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Reflections from Clark’s Cabin: Virginia Country Christmas

Published 11:29am Tuesday, December 24, 2013

Neil Clark

 

While many Christmas notions and traditions are spawned in the war-era Austrian Alps, Dicken’s Victorian Era Britain, and a little Inn in Vermont (I hear it’s nice in Vermont this time of year with all of that snow, snow, snow, snow, snooooooow . . . ), for me Christmas memories reside in 1970s rural Virginia. Of course I have many personal memories of specific toys like Stretch Armstrong, camera, and my first bb gun. There were also certain pranks such as the time my parents placed an enormous gift-wrapped present beside the tree weeks ahead of Christmas. Of course the anticipation of my youth and imagination was running wild trying to imagine what was inside – only to discover it filled with newspaper and firewood (redneck equivalent to sticks and coal I suppose). I did end up receiving the actual gift I was wanting that year, but it took me several minutes to revive my Christmas spirit after that shock.

Another part of a rural Virginia Christmas was making your own wreaths from greenery gathered from the woods. Pine, holly and running cedar were readily available in our woodlands of Caroline County. My great-uncle who was in the Civilian Conservation Corps (CCC) taught me how to construct fresh wreaths using metal coat hangers (Do they still make those anymore?) that were plentiful in our house as they carried my dad’s work uniforms home each week. And as much as my eight-year-old eyes thought that my uncle invented this tradition, our family’s more recent Christmas-time jaunts to Colonial Williamsburg reinforce that homemade wreaths were a holiday for Virginians since the beginnings of our country.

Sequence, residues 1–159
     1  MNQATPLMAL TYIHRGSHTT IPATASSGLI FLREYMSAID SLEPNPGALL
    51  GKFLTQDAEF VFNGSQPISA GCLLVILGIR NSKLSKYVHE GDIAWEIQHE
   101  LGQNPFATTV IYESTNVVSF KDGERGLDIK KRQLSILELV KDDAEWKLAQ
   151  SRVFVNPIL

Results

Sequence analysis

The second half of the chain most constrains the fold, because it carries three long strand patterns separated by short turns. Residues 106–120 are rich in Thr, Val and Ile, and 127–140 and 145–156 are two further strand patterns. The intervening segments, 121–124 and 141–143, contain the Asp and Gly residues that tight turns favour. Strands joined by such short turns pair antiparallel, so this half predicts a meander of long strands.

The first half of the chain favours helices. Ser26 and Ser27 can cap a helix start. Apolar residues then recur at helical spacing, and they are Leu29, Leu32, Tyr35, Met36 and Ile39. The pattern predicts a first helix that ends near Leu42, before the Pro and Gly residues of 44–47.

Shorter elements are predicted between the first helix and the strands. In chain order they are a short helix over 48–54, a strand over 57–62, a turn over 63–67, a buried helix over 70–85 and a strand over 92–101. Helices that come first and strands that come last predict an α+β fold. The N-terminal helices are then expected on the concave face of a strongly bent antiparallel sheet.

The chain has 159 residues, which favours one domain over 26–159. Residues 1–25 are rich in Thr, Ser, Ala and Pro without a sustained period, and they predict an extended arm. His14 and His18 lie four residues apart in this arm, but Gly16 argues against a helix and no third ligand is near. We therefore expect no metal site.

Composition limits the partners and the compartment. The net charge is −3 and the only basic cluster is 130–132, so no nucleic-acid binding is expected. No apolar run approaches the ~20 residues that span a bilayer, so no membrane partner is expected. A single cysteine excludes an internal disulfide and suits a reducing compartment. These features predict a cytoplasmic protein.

Selecting a fresh, perfect Christmas tree has also always been on the list of favorite Christmas memories. I do believe that we cut trees off of our own property a couple of years. These were usually red cedar as they were the only species of suitable size and shape in the natural state to serve the purpose of a Christmas tree. Several years we dug balled and burlapped white pine, and adorned them with popcorn garland and tacky tinsel. After standing sentinel over the gifts and toy trains, the trees were planted in the yard becoming a long-term memorial to Christmas 1982, 84, and so on. I know many have turned to the “plastic tree” as they are pre-lit and nearly free if you pick one up after Christmas. Perhaps it is my rural Virginia upbringing, but there is something about the selection, the smell and the variation of a “real” tree which makes some of the old tree picture memories stand apart. I wonder if children of today will have many splendid recollections of their Christmas trees when all involved is pulling it down from the attic and unfolding it like an umbrella?

Though the tradition of Christmas ham may predate arrival of Europeans on the shores of the new world, the smell of smoked Virginia ham has been a fantastic tradition still held by many in the Tidewater area. Whether you use the cook at once, or the overnight method, there’s nothing like the flavor of a thin sliver of this country staple balanced with enough dinner roll to mediate some of the saltiness. A big ole box of FFA oranges provide some great natural sweetness and are a perfect compliment to country ham biscuits.

Christmas Cookies have been a more recent memory as they become ready-made gifts perfect for even those people who are impossible to shop for. I remember my graduate school years when my dear wife baked 1,800 cookies! Each friend and family member had a favorite one. Gingerbreads, shortbreads, dipped, and of course regular-old sugar cookies decorated in all styles. Although the time crunch has taken its toll on the numbers of cookies baked, many loved ones still have their standing orders placed by Thanksgiving.